Dion followed Falling into You with Let's Talk About Love (1997), which was publicized as its sequel.[70] The recording process took place in London, New York City, and Los Angeles, and featured a host of special guests, such as Barbra Streisand on "Tell Him"; the Bee Geeson "Immortality"; and world-renowned tenor Luciano Pavarotti on "I Hate You Then I Love You".[47][71] Other musicians included Carole King, Sir George Martin, Bryan Adams and Jamaican singer Diana King, who added a reggae tinge to "Treat Her Like a Lady".[72] As withFalling into You, Let's Talk About Love was a major success for Dion, reaching number-one all over the world, attaining platinum status in twenty-four sales territories, and becoming the fastest selling album of her career.[73] In the United States, the album topped the chart in its seventh week of release,[74] and was later certified 10x Platinum in the U.S. for over 10 million copies shipped.[75] In Canada, the album sold 230,212 copies in its first week of release, which became, and still is, a record.[76] It was eventually certified diamond in Canada for over 1 million copies shipped.[77][78] The most successful single from the album was the classically influenced ballad "My Heart Will Go On", which was written and composed by James Horner and Will Jennings, and produced by Horner and Walter Afanasieff.[68] Serving as the love theme for the 1997 blockbuster film Titanic, the song topped the charts across the world, and became Dion's signature song;[79] as well as winning the Academy Award and Golden Globe for Best Original Song.[80] The song also garnered Dion two Grammy Awards for "Best Female Pop Vocal Performance" and the most coveted "Record of the Year", (the song itself won four awards, but two were presented to the songwriters).[81] "My Heart Will Go On" and "Think Twice" made her the only female artist in the UK to have two singles to sell more than a million copies.[82] In support of her album, Dion embarked on the Let's Talk About Love Tour between 1998 and 1999.[83]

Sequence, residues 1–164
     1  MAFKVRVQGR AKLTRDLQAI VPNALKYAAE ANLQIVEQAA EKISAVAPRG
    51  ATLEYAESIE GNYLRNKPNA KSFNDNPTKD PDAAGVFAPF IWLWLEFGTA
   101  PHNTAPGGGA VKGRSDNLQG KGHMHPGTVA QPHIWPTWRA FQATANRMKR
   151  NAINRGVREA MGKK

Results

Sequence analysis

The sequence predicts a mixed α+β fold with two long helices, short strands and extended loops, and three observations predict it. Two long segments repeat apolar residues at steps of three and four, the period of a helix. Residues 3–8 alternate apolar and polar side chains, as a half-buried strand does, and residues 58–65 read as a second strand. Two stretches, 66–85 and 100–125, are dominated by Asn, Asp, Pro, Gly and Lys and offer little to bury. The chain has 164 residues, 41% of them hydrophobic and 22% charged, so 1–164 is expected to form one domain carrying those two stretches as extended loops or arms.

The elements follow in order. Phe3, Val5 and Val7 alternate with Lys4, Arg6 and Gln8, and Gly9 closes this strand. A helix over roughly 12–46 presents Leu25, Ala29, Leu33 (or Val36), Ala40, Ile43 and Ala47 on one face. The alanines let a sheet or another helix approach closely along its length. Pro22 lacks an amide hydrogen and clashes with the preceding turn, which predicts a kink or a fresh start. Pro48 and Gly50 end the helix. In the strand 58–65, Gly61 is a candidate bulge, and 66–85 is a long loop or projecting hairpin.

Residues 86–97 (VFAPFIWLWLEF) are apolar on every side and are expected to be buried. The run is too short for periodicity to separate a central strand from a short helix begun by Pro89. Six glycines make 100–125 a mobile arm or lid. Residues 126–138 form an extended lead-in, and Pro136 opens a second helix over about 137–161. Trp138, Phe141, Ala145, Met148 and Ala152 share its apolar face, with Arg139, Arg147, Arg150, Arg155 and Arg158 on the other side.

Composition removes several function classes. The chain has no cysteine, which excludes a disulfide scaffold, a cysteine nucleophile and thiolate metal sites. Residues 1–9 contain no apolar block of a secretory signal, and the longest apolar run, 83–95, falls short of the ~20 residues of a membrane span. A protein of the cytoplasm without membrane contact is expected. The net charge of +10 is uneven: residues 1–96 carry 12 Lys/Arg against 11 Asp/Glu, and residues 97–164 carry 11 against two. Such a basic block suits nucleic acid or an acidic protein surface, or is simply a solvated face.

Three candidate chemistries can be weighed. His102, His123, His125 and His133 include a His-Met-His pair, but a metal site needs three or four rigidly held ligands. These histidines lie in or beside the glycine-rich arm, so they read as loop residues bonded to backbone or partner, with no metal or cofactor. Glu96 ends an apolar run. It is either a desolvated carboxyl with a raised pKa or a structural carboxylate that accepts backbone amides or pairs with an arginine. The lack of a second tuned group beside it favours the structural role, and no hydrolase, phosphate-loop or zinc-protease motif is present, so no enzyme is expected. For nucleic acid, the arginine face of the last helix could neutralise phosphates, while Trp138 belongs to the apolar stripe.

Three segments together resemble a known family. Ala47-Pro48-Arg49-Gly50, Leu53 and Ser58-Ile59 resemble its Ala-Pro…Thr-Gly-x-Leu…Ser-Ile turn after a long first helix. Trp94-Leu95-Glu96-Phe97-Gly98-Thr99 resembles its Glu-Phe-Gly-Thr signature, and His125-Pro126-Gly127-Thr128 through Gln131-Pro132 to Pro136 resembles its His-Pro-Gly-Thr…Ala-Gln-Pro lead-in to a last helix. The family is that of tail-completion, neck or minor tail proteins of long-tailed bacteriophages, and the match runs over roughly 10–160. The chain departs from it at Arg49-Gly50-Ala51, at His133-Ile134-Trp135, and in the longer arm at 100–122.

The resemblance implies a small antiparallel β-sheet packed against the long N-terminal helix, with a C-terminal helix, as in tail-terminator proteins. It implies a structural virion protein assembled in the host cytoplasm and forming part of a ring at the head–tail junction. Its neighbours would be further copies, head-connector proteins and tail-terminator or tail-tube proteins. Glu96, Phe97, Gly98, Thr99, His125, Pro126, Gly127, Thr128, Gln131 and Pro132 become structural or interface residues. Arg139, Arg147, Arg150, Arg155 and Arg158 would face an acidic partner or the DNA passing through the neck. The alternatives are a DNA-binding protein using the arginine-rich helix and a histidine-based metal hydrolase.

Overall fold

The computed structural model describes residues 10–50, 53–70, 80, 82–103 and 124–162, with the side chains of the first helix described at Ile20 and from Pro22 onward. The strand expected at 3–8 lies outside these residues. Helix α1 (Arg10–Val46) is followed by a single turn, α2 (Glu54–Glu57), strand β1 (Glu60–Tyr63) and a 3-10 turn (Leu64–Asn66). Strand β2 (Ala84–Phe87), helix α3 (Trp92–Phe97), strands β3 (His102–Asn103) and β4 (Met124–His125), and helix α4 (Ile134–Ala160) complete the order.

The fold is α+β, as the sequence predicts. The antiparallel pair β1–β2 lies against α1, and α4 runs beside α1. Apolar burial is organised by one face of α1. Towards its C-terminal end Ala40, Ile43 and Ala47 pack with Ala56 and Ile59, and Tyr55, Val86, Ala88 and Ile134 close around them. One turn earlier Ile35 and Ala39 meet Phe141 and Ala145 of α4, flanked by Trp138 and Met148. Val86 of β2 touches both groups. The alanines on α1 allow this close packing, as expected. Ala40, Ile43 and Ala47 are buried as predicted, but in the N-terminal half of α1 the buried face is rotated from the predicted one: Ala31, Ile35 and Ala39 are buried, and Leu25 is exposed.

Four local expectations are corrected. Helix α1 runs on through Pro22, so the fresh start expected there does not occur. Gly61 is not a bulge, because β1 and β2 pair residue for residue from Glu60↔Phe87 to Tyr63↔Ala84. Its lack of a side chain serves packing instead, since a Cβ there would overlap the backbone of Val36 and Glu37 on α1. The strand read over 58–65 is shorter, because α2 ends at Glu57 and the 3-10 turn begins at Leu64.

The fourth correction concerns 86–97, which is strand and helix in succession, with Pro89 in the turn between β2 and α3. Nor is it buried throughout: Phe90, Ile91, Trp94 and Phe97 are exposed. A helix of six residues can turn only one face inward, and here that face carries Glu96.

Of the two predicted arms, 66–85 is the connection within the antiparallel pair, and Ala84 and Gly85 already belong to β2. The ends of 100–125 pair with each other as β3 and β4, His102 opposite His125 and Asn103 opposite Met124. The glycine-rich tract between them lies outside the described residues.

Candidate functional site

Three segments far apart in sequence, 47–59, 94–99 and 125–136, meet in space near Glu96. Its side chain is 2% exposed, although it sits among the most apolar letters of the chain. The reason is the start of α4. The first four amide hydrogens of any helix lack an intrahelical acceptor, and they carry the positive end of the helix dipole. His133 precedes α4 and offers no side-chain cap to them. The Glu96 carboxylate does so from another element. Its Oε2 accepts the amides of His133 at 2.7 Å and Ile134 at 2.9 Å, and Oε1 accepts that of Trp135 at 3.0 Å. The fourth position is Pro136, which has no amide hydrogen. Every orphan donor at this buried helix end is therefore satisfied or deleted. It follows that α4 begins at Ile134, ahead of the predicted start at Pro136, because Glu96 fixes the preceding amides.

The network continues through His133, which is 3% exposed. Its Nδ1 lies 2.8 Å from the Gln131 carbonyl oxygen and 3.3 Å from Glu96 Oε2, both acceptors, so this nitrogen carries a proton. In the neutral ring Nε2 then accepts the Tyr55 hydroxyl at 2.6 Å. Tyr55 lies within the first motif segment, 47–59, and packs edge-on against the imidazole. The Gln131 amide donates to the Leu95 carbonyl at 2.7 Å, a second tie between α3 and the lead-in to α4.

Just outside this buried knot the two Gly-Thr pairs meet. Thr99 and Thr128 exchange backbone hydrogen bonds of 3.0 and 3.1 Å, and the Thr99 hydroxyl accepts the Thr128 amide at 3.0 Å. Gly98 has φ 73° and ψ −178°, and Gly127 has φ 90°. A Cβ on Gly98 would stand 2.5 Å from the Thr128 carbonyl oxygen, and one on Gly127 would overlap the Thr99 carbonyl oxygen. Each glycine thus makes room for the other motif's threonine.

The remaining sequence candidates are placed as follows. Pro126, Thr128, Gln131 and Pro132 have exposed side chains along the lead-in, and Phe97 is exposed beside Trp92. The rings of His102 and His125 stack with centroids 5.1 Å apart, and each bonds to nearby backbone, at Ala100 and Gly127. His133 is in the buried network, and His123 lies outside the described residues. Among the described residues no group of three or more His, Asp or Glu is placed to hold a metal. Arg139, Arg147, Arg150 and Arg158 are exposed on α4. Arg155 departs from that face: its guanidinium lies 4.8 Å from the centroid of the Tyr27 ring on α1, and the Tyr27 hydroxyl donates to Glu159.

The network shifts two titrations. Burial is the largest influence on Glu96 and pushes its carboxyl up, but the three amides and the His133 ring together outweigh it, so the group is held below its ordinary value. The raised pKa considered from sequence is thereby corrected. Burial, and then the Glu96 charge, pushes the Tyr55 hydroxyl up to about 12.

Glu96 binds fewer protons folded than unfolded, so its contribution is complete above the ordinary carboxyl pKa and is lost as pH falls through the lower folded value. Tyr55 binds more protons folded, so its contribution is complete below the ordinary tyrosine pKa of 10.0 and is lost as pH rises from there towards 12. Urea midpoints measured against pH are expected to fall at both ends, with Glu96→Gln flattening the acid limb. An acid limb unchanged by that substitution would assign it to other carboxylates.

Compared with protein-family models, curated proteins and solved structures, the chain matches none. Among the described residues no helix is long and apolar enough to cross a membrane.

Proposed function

Dion ended the 1990s with three more extremely successful albums: the Christmas album These Are Special Times (1998), the French-language album, S'il suffisait d'aimer, and the compilation album All the Way... A Decade of Song (1999).[84] On These Are Special Times, Dion co-wrote the song "Don't Save It All For Christmas Day" along with Ric Wake and Peter Zizzo.[85] The album was her most classically influenced yet, with orchestral arrangements found on virtually every track.[86] The album featured the single "I'm Your Angel", a duet with R. Kelly, which became Dion's fourth U.S. number one single, and a smash hit across the world. All the Way... A Decade of Song drew together her most successful hits coupled with seven new songs, including the lead off single "That's the Way It Is", a cover of Roberta Flack's "The First Time Ever I Saw Your Face", and "All the Way", a duet with Frank Sinatra.[84] All the way became one of the best-selling compilation albums of all time, reaching number-one in the United States for three weeks.[64] The album was later certified 7x Platinum in the U.S. for 7 million copies shipped.[87] It also topped the charts in the UK,[88] Canada,[89] and Australia.[90] Her last French-language studio album of the 1990s, S'il suffisait d'aimer, was very successful as well, topping the charts in every major French-speaking country, including France,[91]Switzerland,[92] Belgium Wallonia,[93] and Canada.[89] In France, the album was certified diamond, selling 1.5 million copies.[94] By the end of the 1990s, Celine Dion had sold more than 100 million albums worldwide, and had won a slew of industry awards.[95] Her status as one of the music industry's biggest pop divas was further solidified when she was asked to perform on VH1's Divas Live special in 1998, with superstars Aretha Franklin, Gloria Estefan, Shania Twain and Mariah Carey.[96] That year she also received two of the highest honours from her home country: "Officer of the Order of Canada for Outstanding Contribution to the World of Contemporary Music"[97][98] and "Officer of theNational Order of Quebec".[99] A year later she was inducted into the Canadian Broadcast Hall of Fame, and was honoured with a star on Canada's Walk of Fame.[100]